Friday, April 2, 2010

Quick Hit Review: Hercules: Prince of Power #1

Written and Drawn By: Bob Layton
Colors By: Christie Scheele
Letters By: Rick Parker
Publisher: Marvel Comics

Before the Van Lente and Pak success, Hercules found himself contained in the 1984, four issue mini series from comics craftsman Bob Layton. This mini series takes the ancient, Greek god and contrasts him against the Earth of 2385, and shows to the reader how much of a soar-thumb Hercules can really be.  

The idea that I really enjoy about this opening issue is that it takes no time to explain why. Now, sometimes the 'why' is important, and failing to explain the 'why' is a fatal flaw (see my House of Mystery review), but with Hercules: Prince of Power...the 'why' is not needed. All this book is, all it desires to be is Greek gods in space, and that simple fact, that high concept is described by the cover alone. When you flip to that first page, after having the cover install that idea in your mind's focus-point, you know what is going on and that allows Layton to skip the introductions and take the reader on an adventure.

This book provides your action and big punches, but it also supplies the humor. At first glance, the concept of this book (Greek gods in space) is pretty laughable, but Layton uses that to his advantage by placing Hercules into awkward situations. Take the idea of Hercules checking himself into a future hotel - a man dressed in seriously out-of-date clothes, speaking in ye' old english and telling off a robotic bag boy...it is quite funny, and it provides a light tone to the book. Plus, I think, it also emphazies the specific quirks Herc has to offer as a character in not just a futuristic setting, but a classic Marvel Universe setting (Hercules could speak for Thor in the same aspect).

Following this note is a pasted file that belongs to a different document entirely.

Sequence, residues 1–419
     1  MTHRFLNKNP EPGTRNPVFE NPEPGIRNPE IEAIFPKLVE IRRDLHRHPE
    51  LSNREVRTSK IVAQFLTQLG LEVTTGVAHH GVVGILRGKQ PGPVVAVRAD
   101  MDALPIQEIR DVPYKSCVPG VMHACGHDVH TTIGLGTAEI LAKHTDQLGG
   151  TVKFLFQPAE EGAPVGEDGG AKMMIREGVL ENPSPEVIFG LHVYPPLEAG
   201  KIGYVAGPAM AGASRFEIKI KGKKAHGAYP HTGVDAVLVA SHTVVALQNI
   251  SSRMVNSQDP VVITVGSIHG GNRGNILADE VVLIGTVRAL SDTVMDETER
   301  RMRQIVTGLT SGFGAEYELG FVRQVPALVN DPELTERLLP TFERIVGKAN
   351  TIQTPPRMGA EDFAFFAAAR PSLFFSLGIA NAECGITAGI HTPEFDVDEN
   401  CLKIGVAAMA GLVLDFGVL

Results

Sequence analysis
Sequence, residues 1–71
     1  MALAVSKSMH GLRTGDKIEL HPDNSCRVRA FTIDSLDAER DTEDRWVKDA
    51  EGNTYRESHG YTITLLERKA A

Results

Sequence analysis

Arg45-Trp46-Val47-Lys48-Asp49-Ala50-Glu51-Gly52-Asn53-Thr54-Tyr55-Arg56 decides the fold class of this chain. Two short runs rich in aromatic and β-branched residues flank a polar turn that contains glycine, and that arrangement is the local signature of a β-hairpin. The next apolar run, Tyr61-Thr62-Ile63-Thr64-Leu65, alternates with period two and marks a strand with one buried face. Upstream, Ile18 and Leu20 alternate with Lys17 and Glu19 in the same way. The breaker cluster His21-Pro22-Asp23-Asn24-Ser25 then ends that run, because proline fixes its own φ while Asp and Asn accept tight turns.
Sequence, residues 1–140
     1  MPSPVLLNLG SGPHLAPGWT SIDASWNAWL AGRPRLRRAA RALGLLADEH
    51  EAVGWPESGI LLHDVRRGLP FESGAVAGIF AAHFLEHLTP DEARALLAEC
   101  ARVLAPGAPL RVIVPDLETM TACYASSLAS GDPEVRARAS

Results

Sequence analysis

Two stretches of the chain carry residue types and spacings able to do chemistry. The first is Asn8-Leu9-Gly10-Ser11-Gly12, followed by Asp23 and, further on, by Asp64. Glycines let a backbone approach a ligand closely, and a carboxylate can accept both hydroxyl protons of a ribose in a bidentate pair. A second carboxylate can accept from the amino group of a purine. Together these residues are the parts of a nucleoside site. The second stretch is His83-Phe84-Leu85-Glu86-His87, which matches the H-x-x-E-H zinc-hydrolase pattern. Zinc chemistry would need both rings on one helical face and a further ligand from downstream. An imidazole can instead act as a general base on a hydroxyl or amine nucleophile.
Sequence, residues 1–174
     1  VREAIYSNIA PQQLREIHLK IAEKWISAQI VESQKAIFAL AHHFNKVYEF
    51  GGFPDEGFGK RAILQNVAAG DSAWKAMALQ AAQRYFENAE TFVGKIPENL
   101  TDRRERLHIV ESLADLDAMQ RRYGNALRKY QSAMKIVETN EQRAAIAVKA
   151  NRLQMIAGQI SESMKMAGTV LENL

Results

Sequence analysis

Overall, it's a nice issue, and I will finish the mini series to see what other character moments Bob Layton has to offer with good ol' Hercules.

1 comment:

  1. This limited series - for me - introduced the idea of Hercules as a great action-comedy character. There are lots of modern examples where this still holds true (Marvel Adventures, She-Hulk, etc).

    "Sayest What!?!" C'mon, that's funny stuff.

    Someday, I really need to get around to reading Incredible Hercules...

    Jeff
    Cheap Ass Trades - collected editions, graphic novels, manga

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